While studying for my OSCP I used various platforms to help me prepare for the exam such as Hack the Box and Pentester Labs. The only issue is that they all costed money for the features I was wanting to access. One of the free and open services I used to help me study was Vulnhub. I wanted a way to take the VMs from VulnHub and practice my pentesting skills and methodology with ease of setup on Proxmox. So I created a tool called ProxKube that will setup the VMs that I downloaded from from VulnHub and set it up automatically on Proxmox. The reason I named it ProxKube was because its similarity to Kubernetes in the sense that you can orchestrate the automation deployment and scaling VMs.
If you aren’t already familiar with VulnHub its a site where people can upload vulnerable VM images to host using VirtualBox, VMware, or some kind of other hypervisor.
The issue was that many of the VMs on VulnHub are built only for VMware and in my case I use Proxmox in my home lab which doesn’t allow you to easily import
.ova files. Now many of you may say “why don’t you just use Virtualbox on your personal desktop or laptop”. Well the reason I didn’t just use Virtualbox or a similar solution is because at the time I didn’t have a strong PC with a ton of storage to download a lot of VMs. So instead I used a spare computer to host a bunch of VulnHub VMs.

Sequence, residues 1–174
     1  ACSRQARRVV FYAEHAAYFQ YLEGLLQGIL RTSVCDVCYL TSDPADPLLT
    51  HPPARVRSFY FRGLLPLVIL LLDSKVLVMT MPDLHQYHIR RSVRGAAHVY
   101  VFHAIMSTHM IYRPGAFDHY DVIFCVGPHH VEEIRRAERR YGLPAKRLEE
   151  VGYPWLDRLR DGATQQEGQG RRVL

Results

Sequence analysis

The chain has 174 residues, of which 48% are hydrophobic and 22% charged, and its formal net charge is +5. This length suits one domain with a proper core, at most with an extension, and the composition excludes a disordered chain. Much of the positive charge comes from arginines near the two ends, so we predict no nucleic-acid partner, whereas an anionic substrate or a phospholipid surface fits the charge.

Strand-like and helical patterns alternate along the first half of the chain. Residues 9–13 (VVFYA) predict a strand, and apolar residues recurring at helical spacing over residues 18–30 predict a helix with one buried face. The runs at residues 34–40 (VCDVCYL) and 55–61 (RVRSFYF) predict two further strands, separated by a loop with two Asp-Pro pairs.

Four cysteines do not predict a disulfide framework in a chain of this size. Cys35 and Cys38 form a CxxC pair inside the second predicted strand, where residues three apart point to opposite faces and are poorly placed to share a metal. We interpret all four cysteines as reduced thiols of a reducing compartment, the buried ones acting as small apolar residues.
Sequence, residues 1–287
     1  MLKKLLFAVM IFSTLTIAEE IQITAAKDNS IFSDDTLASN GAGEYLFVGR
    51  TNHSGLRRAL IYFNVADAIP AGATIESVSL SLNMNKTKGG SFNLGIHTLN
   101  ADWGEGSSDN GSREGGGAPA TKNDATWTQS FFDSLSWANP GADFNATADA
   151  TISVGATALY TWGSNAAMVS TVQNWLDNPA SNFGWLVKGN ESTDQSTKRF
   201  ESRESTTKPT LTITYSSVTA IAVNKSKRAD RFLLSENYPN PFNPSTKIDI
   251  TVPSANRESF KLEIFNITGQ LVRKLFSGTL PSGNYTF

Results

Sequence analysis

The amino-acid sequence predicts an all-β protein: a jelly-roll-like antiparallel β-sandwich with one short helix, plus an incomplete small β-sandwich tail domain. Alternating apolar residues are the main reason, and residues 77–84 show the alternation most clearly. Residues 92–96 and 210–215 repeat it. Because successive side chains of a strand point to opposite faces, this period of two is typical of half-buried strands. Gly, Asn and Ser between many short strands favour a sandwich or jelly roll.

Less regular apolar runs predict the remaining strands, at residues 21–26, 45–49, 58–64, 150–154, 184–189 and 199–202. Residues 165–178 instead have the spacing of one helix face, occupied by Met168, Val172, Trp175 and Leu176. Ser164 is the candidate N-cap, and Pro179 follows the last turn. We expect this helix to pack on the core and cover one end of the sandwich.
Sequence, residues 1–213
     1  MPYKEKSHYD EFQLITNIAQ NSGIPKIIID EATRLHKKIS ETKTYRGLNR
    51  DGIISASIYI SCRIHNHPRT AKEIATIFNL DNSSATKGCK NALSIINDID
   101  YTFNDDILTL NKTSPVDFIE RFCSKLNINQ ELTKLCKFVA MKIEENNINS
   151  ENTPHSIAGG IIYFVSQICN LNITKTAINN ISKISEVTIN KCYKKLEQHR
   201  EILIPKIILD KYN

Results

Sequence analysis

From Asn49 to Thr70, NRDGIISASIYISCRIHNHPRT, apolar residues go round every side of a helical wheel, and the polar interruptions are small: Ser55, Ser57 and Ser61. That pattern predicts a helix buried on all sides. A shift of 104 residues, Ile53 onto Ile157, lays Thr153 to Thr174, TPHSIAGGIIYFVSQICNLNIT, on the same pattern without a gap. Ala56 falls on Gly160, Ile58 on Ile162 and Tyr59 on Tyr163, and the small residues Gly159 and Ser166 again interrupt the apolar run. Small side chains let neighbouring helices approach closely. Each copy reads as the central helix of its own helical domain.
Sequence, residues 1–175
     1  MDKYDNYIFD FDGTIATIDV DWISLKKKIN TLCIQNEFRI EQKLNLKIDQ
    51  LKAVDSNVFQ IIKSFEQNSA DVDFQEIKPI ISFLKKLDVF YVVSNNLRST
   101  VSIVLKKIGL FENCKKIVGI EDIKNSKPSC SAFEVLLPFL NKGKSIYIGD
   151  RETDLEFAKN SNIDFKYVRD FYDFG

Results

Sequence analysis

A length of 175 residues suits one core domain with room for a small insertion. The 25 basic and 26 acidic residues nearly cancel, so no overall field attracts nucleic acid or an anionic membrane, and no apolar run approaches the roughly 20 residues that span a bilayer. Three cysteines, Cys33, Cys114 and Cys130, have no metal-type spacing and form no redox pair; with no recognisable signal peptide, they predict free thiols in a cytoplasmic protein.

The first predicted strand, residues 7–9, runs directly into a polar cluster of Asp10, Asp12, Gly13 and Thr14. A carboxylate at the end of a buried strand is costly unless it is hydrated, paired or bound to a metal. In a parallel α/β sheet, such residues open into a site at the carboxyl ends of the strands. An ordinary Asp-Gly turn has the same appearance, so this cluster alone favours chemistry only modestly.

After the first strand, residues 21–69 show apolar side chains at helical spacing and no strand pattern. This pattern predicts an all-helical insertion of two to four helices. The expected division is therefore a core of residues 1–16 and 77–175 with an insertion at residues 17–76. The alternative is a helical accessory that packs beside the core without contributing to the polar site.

After doing some research on the Proxmox forums I figured out with some command line magic you can make
.ova files work in Proxmox. This issue with this is that I wanted a “one click” way of setting up the VM for me. I also wanted a way to take a bunch of VMs from VulnHub and have it all configured on Proxmox for me so I can focus on studying. The reason I decided to host a bunch of VulnHub VMs was because I could use these VMs to setup a mock OSCP exam with the VulnHub machines and time myself.
The only way you can make VulnHub VMs to work on Proxmox is to untar the
.ova file then read through the configuration file (
.ovf, ect.) in order to figure out how to setup the virtual machine. You would also need to have a good understanding of where the VM files are stored on Proxmox so you can replace the proper files
It was such a hassle to download each VM from VulnHub and take the time to configure each of the machines individually. So I created a python script that can be used on the Proxmox host machine that will take each of the VulnHub VM images and extract, rename, and parse the appropriate files to convert and create the VMs in a matter of a couple minutes to give your self a quick and easy pentest lab.
You can find a copy of this project on my Github here: ProxKube